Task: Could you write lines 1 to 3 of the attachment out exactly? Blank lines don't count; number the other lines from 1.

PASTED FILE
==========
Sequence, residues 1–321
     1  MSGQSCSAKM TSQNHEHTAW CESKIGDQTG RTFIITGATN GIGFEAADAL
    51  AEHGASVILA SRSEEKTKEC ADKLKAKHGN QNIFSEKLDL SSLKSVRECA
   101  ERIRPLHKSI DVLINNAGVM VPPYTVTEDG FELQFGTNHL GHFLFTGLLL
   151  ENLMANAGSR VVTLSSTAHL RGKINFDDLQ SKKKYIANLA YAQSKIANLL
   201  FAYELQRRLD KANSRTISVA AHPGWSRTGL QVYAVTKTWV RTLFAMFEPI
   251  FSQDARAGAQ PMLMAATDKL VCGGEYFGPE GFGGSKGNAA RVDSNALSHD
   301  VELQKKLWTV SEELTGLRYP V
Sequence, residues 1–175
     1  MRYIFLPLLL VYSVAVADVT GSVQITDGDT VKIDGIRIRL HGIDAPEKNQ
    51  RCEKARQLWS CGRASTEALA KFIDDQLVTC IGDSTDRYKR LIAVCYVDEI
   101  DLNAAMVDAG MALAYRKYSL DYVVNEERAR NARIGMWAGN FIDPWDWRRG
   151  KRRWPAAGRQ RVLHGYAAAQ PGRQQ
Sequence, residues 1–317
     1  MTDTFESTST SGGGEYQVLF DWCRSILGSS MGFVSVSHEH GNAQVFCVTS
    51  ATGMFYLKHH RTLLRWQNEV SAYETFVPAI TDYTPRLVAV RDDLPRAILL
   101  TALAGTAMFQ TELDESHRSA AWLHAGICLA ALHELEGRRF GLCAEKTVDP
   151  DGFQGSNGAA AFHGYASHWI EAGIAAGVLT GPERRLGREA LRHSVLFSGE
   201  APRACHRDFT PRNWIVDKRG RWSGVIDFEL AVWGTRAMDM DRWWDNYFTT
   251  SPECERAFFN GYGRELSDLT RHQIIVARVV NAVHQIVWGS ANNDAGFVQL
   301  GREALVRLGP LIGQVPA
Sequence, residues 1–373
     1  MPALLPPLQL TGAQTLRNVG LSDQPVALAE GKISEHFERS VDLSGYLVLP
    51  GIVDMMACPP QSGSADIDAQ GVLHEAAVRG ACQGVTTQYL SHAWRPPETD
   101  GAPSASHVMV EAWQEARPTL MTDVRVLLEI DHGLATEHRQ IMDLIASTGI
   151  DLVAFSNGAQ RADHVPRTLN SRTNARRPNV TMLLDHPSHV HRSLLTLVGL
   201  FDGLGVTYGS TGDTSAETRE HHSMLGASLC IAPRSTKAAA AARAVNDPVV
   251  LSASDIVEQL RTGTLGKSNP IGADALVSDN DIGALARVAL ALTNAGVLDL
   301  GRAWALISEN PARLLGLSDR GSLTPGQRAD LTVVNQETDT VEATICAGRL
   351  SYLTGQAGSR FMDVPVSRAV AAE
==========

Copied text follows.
Sequence, residues 1–321
     1  MSGQSCSAKM TSQNHEHTAW CESKIGDQTG RTFIITGATN GIGFEAADAL
    51  AEHGASVILA SRSEEKTKEC ADKLKAKHGN QNIFSEKLDL SSLKSVRECA